We need to talk . . .
Do you recycle? Do you avoid littering?
If you’re reading this, chances are you do. We applaud your efforts but…we need to talk.
Each person “doing their part” for the environment will not be enough to address the challenges we face.
Let’s face it, we are all more comfortable deciding to recycle or ride our bike than we are getting involved in local or national policy-making. It is just easier to make choices that don’t require that we work with others. But being on our best environmental behavior is not enough to fix the problems we face.
The best long-term fix is to have a generation of citizens who carry their environmental beliefs with them into the halls of government.
How do we change this dynamic?
We prepare young people to enter the messy world of civic change.
A Process that Works
Earth Force’s Community Action and Problem-Solving Process develops the civic skills that young people need to make real change while deepening students’ understanding of STEM concepts. It’s a six step process where students identify environmental problems, determine the policies/practices that perpetuate the problem, then implement solutions using civic means. We prioritize youth-adult partnerships, project-based learning, and inquiry. A suite of free resources is available at earthforceresources.org.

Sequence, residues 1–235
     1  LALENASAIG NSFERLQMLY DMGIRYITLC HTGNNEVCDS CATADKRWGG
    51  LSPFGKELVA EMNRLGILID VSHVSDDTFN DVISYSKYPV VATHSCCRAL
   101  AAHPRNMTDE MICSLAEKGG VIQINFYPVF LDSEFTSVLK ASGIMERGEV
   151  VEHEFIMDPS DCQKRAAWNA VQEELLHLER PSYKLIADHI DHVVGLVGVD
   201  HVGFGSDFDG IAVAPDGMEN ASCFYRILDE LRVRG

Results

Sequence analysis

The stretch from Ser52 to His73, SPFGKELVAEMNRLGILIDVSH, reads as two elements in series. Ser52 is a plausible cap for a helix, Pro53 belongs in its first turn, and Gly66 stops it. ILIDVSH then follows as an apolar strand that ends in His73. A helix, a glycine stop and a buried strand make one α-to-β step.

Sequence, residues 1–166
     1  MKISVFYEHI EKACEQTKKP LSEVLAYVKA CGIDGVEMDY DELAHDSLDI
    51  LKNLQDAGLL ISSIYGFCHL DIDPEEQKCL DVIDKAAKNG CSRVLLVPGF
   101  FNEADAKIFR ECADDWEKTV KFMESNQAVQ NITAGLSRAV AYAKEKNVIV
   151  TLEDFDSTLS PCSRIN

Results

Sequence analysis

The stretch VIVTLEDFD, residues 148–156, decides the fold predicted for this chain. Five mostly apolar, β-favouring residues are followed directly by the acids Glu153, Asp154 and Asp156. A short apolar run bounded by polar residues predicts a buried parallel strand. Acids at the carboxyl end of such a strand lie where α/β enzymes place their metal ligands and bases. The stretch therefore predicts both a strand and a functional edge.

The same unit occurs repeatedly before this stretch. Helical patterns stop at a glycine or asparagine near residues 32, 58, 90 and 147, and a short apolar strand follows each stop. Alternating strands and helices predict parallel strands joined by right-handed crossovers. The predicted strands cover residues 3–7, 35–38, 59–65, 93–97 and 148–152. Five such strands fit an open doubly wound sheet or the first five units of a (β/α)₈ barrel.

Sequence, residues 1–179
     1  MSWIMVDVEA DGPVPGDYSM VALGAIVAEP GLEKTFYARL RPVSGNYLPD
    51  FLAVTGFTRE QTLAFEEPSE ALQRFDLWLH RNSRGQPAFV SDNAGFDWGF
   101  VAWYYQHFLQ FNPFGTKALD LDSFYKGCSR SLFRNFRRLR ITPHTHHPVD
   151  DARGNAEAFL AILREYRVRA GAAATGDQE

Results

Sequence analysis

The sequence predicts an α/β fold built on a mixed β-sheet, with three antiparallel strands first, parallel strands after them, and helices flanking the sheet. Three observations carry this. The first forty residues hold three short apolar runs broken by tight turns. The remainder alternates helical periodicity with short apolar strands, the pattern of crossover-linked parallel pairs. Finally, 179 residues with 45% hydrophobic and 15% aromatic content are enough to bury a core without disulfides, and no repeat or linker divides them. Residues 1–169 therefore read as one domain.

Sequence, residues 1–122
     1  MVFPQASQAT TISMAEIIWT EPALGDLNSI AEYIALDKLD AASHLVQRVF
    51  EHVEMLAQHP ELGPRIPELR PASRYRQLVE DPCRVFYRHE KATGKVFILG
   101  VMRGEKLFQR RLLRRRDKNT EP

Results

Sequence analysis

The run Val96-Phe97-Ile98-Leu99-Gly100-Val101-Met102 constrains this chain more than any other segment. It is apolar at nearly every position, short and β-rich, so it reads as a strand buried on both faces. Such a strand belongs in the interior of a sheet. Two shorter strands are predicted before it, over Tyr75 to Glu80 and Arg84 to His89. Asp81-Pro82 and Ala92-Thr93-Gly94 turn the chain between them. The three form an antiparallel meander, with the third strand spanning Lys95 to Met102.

Our Model in Action
Students pushed for a solution to flooding on their school grounds – made worse by the drought and intense storm cycle their community faces due to climate change. Facing budgetary resistance from their superintendent, the students looked to civic solutions. They engaged the Mile High Flood District to divert $4-$5 million in maintenance funds to deepen and widen the stream.
Students identified the presence of mold in their school. After unsuccessfully working with their school district to make changes, students reached out to their state Senator to draft a bill to improve indoor air quality statewide. The resulting legislation was signed by the Governor in the Summer of 2020. This policy will force school boards to overhaul rules concerning mold in schools.
Students worked with local Homeowners Associations and local government to draft a Multi-family Recycling policy. Prior to the new policy’s adoption, anyone living in a multi-family dwelling had to drive their recyclables to a recycling center. After drafting the policy, the students introduced it to the Stormwater Advisory Committee who agreed to present the policy to the Board of Aldermen. The policy was presented to the Board for its final reading and adoption.